Mike Matheny

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Mike Matheny
MikeMathenyphotoday2013.jpg
Mike Matheny in 2013.
St. Louis Cardinals – No. 26
Catcher / Manager
Born: (1970-09-21) September 21, 1970 (age 44)
Columbus, Ohio
Batted: Right Threw: Right
MLB debut
April 7, 1994 for the Milwaukee Brewers
Last MLB appearance
May 31, 2006 for the San Francisco Giants
Career statistics
(through 2014 season)
Batting average .239
Home runs 67
Runs batted in 443
Games managed 486
Win–loss record 275–211
Winning % .568
Teams

As player

As manager

Career highlights and awards
Matheny playing for the San Francisco Giants in 2006.

Michael Scott Matheny (born September 22, 1970) is an American former professional baseball catcher and the current manager of the St. Louis Cardinals of Major League Baseball (MLB).[1][2] A product of the University of Michigan, the Milwaukee Brewers selected Matheny in the eighth round of the 1991 MLB Draft. He played for the Brewers, Toronto Blue Jays, Cardinals, and San Francisco Giants during his thirteen-year catching career.

Though not a prodigious hitter, Matheny was considered one of the best defensive catchers of his era, winning four National League (NL) Rawlings Gold Glove Awards.[3][4] He is one of only three Major League catchers to catch at least 100 games in a single season without committing an error.[5] He also set a Giants team record for catcher's fielding percentage in a season at .999 in 2005. However, after receiving a pitch to his face early in his MLB player career and a series of foul balls off his mask, Matheny retired due to persisting concussion symptoms.

After his playing career, Matheny became a Little League Baseball coach. The Cardinals hired him as manager following the 2011 season in spite of having no previous coaching or managing experience at any professional baseball level. He led the club to at least 88 wins and the 2013 NL pennant in his first three seasons. In 2014, he also became the fifth manager in baseball history to lead his team to the playoffs in each of his first three seasons,[6] each time advancing to the National League Championship Series.

Early life and amateur career[edit]

Matheny grew up in Columbus, Ohio, just minutes from the city of Columbus. He graduated from Reynoldsburg High School, where he captained the baseball and football teams.[2] Receiving little attention from nearby Ohio State University, University of Michigan (UM) coach Bud Middaugh offered him a scholarship to attend UM.[7]

Because of his defensive and throwing skills, Matheny drew the notice of major league scouts while in high school. The Toronto Blue Jays drafted him in the 31st round of the 1988 Major League Baseball Draft but waited two days until after the draft ended to inform Matheny they had chosen him. At first, they refused to disclose to him in which round they selected him.[7]

Two days before he was due to attend his first class, Blue Jays general manager Pat Gillick appeared at Matheny's home to convince him to sign. Gillick was ready to offer a deal normally reserved for second-round picks. During that time, teams held the right to negotiate with their draft picks until the moment they entered their first classroom of the following academic year. The Blue Jays constantly called Matheny until the morning of his first class, hoping he would sign.[7]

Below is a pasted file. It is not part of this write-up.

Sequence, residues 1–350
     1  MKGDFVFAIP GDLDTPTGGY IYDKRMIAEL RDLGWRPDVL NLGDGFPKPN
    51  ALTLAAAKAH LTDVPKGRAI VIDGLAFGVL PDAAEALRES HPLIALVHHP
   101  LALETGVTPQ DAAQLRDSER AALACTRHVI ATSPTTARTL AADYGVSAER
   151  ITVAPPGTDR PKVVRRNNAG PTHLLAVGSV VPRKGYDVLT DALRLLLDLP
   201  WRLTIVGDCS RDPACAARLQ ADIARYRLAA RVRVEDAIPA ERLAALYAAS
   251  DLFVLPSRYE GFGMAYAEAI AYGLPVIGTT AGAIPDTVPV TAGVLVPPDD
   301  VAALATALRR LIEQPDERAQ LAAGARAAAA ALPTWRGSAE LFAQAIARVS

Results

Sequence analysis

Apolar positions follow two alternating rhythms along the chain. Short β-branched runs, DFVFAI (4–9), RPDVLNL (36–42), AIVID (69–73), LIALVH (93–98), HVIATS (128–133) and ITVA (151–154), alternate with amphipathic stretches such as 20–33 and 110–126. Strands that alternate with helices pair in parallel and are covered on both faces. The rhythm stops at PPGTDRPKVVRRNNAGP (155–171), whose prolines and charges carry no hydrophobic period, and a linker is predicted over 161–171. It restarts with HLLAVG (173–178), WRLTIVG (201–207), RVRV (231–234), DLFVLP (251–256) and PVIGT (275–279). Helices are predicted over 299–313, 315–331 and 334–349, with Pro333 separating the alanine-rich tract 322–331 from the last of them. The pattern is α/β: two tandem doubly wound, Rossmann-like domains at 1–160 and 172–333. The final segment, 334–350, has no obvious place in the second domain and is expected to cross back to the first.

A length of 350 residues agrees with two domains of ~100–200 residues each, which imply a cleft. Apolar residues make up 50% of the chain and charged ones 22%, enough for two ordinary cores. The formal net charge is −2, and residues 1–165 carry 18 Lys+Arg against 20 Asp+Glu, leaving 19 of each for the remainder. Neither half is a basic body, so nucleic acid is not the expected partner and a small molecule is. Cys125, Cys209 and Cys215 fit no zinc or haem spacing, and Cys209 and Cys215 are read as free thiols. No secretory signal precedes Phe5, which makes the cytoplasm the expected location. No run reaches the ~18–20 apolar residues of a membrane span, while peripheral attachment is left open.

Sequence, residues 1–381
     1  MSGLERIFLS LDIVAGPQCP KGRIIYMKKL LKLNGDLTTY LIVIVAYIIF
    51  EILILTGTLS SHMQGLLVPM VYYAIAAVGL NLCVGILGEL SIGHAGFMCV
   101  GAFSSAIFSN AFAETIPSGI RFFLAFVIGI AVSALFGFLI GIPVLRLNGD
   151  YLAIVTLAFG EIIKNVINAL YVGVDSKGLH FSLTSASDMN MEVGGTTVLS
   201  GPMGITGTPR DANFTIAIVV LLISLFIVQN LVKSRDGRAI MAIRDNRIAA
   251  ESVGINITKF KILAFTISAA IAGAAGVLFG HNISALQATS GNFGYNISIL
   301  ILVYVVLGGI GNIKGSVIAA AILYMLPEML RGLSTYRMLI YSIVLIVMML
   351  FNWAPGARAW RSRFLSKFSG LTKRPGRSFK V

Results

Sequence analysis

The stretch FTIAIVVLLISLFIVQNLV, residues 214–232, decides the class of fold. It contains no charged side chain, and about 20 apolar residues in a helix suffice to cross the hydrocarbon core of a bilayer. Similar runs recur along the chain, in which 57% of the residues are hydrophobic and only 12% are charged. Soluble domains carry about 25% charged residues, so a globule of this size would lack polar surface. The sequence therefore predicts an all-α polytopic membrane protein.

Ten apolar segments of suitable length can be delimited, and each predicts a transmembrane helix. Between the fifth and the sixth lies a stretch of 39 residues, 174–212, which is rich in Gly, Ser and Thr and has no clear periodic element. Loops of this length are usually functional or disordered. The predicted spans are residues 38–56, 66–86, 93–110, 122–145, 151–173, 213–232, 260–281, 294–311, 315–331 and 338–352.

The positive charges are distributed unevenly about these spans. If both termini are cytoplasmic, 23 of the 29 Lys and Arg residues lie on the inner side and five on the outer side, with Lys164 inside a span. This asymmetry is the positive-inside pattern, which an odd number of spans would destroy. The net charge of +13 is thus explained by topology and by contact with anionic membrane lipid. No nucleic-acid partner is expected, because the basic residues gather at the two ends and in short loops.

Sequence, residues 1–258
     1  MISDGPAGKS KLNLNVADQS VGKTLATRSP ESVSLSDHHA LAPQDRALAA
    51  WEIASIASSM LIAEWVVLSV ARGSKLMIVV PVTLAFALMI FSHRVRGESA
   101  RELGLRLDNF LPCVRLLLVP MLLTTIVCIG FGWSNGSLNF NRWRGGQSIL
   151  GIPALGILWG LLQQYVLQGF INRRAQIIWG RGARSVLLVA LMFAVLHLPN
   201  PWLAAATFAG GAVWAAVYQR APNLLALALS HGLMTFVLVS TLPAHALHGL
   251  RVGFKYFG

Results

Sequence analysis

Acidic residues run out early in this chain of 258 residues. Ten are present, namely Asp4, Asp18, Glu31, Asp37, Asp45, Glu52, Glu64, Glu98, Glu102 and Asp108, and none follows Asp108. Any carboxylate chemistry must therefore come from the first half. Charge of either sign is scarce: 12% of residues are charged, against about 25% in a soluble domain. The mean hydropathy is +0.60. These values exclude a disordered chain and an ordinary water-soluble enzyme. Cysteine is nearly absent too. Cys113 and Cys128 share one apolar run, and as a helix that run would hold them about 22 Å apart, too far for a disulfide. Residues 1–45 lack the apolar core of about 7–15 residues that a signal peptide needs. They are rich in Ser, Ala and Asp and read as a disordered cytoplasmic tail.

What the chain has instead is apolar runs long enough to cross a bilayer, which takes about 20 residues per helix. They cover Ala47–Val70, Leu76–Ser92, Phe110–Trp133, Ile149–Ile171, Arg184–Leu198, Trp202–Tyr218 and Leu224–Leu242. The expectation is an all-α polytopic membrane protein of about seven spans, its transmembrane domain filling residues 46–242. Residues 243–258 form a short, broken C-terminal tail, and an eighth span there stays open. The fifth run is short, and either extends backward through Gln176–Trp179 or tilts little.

Confounded by the Blue Jays' overtures, Matheny was convinced that he would not be a very good professional player at that point, so he chose to attend college instead. Prior to proceeding to his first class, he called the Blue Jays from his dormitory room to inform them that he decided to attend the University of Michigan. At UM, Matheny co-captained the Wolverines baseball team.[8][9] He was a member of the 1989 Connie Mack championship team.[2]

Playing career (1991–2006)[edit]

Minor leagues, Milwaukee Brewers and Toronto Blue Jays (1991–99)[edit]

The Milwaukee Brewers selected Matheny in the eighth round of the 1991 Major League Baseball Draft and he spent three years climbing the minor league system.[10][11] He made his major league debut with the Brewers on April 7, 1994 at 23; he became their starting catcher early in the next season.[1][12]

During a game against the Pittsburgh Pirates on May 26, 1998, Matheny was batting in the bottom of the ninth when he took a pitch from Rich Loiselle off his face. Remaining upright, Matheny placed his hand on his hip as Pirates catcher Jason Kendall and home plate umpire Jerry Crawford motioned ecstatically for the Brewers trainers. He walked off the field as he spit out a mouthful of blood.[13] At the end of that season, he became eligible for salary arbitration and the Brewers granted him free agency a few months later.[14]

Ten years after they drafted him, the Toronto Blue Jays signed on December 23, 1998, for the 1999 season. He served as Darrin Fletcher's understudy. Gillick had resigned in 1994, however. Toronto released him after the season, and he signed with the St. Louis Cardinals on December 15, 1999.

St. Louis Cardinals (2000–04)[edit]

Matheny barely made the Cardinals roster after the spring training session, but went on to earn the starting catcher's role in the 2000 season.[15] He posted a career-high .261 batting average and provided exceptional defense for the Cardinals, with a .993 fielding percentage and throwing out 53% of would-be base stealers, well above the league average of 32%.[16] Matheny helped the Cardinals improve from their fourth-place finish in 1999 to capturing the National League Central Division title, and claimed his first Gold Glove award in the process.[17] After the season, the Cardinals signed him to a three-year, $9-million contract.[15]

After teammate Darryl Kile's sudden death in the summer of 2002, Matheny showed that he was "an inspirational leader," helping the team to cope and make it to the National League Championship Series. After the 2003 season, the St. Louis and Houston chapters of the BBWAA voted for Matheny as the inaugural winner of an award established in Kile's honor.[2]